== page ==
“I just want to be quiet now,” she continued. “I wish I didn’t do this.”As part of “Inspire,” a 67-page English-language Al Qaeda magazine, Yemeni-American cleric Anwar al-Awlaki — who has been linked to the botched Times Square bombing and cited as inspiration for the Fort Hood massacre and the plot of two New Jersey men to kill U.S. soldiers — targeted the Seattle cartoonist for “assassination,” along with others who have participated in her campaign.
Probably the most stunning and disturbing part of the story is Anwar al-Awlaki was born in New Mexico. Here is the beginning of his bio at The New York Times:
Anwar al-Awlaki is an eloquent Muslim cleric who has turned the Web into a tool for extremist indoctrination. Mr. Awlaki is perhaps the most prominent English-speaking advocate of violent jihad against the United States. The Obama administration has taken the extraordinary step of authorizing the targeted killing of Mr. Awlaki, who is in hiding in Yemen.
Mr. Awlaki, born in New Mexico in 1971, served an imam in California and Virginia. He has been the focus of intense scrutiny since he was linked through e-mails with Maj. Nidal Malik Hasan, the Army psychiatrist accused of killing 13 people at Fort Hood, Tex., in November 2009 and then to Umar Farouk Abdulmutallab, the Nigerian man charged with trying to blow up a Detroit-bound airliner on Dec. 25. He also had ties to two of the 9/11 hijackers although the nature of association remains unclear.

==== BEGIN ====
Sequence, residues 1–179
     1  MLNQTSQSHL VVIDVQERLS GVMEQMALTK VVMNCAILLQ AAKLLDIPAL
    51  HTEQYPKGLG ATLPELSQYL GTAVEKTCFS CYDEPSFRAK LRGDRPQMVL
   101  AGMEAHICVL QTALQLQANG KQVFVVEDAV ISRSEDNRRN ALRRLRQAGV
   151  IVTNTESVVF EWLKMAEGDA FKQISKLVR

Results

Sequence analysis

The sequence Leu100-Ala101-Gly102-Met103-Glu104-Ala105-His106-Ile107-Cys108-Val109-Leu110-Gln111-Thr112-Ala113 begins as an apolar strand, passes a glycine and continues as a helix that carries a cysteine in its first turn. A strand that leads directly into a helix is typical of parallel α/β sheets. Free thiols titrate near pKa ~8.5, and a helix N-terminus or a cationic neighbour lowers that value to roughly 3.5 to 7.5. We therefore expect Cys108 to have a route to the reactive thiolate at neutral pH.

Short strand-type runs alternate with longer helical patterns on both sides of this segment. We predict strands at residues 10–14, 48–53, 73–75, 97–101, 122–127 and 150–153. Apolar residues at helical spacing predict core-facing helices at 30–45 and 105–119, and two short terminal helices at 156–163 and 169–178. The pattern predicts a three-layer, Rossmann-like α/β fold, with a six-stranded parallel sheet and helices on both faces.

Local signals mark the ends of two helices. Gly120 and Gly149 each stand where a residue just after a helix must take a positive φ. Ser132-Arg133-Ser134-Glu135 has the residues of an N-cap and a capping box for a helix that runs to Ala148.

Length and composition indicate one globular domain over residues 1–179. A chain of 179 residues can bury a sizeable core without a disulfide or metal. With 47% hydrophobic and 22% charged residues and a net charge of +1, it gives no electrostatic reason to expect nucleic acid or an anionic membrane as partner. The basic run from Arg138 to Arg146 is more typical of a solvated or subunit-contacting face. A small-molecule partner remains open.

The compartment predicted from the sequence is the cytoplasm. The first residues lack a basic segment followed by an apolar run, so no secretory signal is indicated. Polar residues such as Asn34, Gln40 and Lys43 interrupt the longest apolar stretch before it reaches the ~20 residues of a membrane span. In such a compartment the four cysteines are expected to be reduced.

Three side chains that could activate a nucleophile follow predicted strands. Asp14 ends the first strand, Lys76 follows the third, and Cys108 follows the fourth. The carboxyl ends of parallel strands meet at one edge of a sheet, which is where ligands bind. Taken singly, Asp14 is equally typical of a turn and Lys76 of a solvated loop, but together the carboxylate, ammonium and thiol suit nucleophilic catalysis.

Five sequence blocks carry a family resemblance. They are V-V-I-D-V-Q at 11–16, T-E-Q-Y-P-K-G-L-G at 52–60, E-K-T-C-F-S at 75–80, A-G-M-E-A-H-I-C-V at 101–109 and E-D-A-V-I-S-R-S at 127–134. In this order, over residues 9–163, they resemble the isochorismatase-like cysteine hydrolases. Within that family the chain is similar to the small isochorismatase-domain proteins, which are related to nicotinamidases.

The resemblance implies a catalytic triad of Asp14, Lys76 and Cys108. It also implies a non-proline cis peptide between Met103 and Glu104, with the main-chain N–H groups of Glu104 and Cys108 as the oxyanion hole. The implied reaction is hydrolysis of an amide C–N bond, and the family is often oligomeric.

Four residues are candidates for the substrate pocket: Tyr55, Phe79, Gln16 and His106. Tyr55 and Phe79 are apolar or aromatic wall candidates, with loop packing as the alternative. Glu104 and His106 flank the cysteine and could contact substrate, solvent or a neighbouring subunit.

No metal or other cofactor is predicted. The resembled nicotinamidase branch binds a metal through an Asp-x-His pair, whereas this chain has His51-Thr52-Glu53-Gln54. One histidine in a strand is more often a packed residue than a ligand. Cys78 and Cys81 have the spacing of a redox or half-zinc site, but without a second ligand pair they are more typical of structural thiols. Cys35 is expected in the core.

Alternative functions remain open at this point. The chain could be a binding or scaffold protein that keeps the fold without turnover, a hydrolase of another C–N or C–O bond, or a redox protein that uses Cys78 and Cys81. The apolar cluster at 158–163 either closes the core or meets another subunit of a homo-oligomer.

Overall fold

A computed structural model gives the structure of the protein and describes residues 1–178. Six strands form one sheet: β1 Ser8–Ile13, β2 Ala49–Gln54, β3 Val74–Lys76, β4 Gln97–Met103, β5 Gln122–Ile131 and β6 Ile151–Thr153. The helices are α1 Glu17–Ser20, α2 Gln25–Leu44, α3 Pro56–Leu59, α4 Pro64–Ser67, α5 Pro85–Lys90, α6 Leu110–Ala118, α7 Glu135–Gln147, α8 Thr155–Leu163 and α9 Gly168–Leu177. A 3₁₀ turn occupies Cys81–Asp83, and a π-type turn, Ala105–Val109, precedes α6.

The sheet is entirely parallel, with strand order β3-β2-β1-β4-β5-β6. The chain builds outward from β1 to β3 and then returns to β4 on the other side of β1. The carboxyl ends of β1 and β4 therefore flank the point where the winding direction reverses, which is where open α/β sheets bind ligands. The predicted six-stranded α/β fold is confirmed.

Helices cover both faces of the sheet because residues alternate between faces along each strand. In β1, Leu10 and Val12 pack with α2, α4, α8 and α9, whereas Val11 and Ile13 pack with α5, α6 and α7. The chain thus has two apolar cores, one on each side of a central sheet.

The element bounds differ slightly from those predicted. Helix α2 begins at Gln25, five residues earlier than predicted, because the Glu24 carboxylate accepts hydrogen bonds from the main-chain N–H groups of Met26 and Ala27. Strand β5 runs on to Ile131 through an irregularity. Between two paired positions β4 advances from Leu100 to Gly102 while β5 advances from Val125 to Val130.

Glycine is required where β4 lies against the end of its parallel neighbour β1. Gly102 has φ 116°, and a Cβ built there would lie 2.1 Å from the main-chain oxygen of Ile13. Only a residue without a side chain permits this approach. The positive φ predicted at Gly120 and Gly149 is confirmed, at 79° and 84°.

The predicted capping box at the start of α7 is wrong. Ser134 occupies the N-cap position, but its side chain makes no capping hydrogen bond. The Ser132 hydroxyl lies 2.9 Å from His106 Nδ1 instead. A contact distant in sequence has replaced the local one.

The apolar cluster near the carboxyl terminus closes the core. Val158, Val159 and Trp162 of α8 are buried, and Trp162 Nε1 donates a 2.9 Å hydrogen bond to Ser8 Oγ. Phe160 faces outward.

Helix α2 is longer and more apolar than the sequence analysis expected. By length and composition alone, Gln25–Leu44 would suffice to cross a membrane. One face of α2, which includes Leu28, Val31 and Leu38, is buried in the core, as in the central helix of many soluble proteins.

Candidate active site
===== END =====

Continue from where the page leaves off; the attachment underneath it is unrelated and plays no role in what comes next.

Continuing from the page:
In May 2010, Mr. Awlaki was mentioned by Faisal Shahzad, the Pakistani-American man accused of trying to detonate a car bomb in Times Square. Mr. Shahzad said he was inspired by the violent rhetoric of Mr. Awlaki, an American official said.
American counterterrorism officials say Mr. Awlaki is an operative of Al Qaeda in the Arabian Peninsula, the affiliate of the terror network in Yemen and Saudi Arabia. They say he has become a recruiter for the terrorist network, feeding prospects into plots aimed at the United States and at Americans abroad.
The Obama administration’s decision to authorize the killing by the Central Intelligence Agency of a terrorism suspect who is an American citizen has set off a debate over the legal and political limits of drone missile strikes, a mainstay of the campaign against terrorism. The notion that the government can, in effect, execute one of its own citizens far from a combat zone, with no judicial process and based on secret intelligence, makes some legal authorities deeply uneasy.
The Road to Jihadist
There are two conventional narratives of Mr. Awlaki’s path to jihad. The first is his own: He was a nonviolent moderate until the United States attacked Muslims openly in Afghanistan and Iraq, covertly in Pakistan and Yemen and even at home, by making targets of Muslims for raids and arrests. He merely followed the religious obligation to defend his faith, he said.
A contrasting version of Mr. Awlaki’s story, explored though never confirmed by the national Sept. 11 commission, maintains that he was a secret agent of Al Qaeda starting well before the attacks, when three of the hijackers turned up at his mosques. By this account, all that has changed since then is that Mr. Awlaki has stopped hiding his true views.
The tale is more complex and elusive.
The rest of his tale can be read here.